I also love the quote from this section (and by “love,” I mean that I’m still laughing): “It can also help to think big and find an agent to help pitch your book to a traditional publisher.” Sure it can. Let’s go pluck an agent out of thin air, because I’m convinced that’s where you can find one. Maybe.
They nailed the cost of an ISBN. $125. However, if you plan to write more books, you can buy ten ISBNs for $250. Quite a savings.
Then there are reviews: $550 for a Kirkus review. First, don’t pay for a review. Ever. Google it. Second, you’d have to sell 100 books to recoup that cost – assuming you went with ACTUAL self-publishing. Do you think one good review is going to sell that many copies? Especially when everyone knows that you paid for the review? Good luck with that.
Next up is publicity. According to this article, a website costs $2300. ARE YOU KIDDING ME?? For heaven’s sake, go to Weebly or Wix or GoDaddy. Even if you aren’t techy, you can drag and drop, copy and paste, and type things, right? I would hope so. A domain name will cost $50 or less. Find a friend to help you if you must, but please – don’t shell out that kind of money. Another thing: if you pay someone to maintain that website, instead of DIY, you’re going to have get in line whenever you want to make a change. That professional has many clients, and you’ll have very little control over your content.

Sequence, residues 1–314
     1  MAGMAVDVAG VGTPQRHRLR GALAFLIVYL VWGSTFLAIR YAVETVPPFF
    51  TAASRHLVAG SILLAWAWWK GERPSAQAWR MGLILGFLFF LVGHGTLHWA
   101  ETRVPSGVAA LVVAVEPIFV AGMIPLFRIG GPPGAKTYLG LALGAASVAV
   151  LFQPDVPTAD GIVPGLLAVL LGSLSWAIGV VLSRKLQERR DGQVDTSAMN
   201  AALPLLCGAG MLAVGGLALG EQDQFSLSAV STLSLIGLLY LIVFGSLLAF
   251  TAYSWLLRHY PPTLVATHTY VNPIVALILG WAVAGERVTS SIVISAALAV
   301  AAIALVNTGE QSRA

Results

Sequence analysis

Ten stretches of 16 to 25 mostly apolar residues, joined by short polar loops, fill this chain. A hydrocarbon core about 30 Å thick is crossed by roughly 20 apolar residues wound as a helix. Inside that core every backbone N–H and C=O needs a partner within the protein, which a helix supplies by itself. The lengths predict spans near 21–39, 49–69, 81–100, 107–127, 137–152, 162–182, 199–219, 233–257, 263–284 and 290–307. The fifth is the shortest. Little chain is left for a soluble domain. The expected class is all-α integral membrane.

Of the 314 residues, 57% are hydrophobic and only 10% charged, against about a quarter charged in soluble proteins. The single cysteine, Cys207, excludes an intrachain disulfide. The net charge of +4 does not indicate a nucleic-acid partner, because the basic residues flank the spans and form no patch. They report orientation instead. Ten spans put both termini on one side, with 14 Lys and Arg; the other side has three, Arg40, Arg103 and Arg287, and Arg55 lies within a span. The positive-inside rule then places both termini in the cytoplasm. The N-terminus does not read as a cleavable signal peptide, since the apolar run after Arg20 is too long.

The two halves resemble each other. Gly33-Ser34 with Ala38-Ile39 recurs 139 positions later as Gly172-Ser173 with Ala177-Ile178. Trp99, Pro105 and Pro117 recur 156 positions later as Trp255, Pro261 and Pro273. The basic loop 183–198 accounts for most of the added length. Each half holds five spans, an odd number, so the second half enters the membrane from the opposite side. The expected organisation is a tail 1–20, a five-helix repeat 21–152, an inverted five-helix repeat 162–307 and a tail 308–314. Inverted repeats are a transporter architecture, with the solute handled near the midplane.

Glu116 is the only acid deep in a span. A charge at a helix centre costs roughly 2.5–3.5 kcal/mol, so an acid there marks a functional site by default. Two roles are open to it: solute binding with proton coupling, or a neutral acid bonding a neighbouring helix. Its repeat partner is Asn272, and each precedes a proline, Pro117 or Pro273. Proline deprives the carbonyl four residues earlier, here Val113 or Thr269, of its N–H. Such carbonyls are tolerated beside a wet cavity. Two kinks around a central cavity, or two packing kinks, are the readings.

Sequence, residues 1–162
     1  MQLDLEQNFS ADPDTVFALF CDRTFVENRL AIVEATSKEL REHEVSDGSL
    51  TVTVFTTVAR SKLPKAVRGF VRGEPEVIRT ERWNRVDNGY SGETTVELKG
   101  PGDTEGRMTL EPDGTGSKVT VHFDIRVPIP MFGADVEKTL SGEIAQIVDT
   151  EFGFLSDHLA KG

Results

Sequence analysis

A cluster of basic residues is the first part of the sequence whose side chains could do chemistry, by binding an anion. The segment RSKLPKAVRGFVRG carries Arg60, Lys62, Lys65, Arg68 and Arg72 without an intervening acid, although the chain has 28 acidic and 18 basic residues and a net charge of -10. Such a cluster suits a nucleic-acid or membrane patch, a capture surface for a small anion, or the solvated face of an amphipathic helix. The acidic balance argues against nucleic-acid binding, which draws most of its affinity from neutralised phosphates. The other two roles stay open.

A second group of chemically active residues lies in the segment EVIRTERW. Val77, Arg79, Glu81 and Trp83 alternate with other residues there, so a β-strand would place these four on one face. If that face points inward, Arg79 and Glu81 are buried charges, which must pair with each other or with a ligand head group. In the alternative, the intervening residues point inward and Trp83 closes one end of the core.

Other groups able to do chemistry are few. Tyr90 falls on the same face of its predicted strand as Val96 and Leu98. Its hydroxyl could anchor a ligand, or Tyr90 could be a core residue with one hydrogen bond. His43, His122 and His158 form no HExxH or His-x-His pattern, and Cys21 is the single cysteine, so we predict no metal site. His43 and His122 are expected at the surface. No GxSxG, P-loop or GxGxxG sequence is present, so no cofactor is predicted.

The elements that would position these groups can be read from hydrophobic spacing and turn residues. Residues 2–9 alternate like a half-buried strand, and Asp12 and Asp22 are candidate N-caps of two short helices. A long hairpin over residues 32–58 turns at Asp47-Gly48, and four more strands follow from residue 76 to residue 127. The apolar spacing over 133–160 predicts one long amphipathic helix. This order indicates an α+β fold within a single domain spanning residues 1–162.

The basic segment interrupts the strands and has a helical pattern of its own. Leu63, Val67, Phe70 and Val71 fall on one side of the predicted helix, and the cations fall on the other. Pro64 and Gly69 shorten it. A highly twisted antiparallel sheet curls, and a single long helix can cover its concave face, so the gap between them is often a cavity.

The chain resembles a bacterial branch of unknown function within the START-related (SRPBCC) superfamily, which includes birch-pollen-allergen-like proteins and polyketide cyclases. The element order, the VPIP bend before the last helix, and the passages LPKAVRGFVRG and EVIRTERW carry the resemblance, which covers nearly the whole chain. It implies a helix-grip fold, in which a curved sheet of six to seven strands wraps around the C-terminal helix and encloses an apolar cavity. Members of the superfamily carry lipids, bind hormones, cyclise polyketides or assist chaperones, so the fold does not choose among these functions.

The other extraneous costs mentioned here include direct mail – which varies, based on number of pieces, and Facebook advertising. Sure, you CAN spend $300 on Facebook. Or you can spend less. I believe the jury is still out the effectiveness of these campaigns. Try it for $5, or $10. See what happens.
“Press release printing.” I’m not entirely sure how many of these this author had printed, but based on, what? Color copies? Basic B&W press release? That’s 50 full-color or 300 B&W. Since the article says, “press release,” I’m thinking she had 300 of these printed.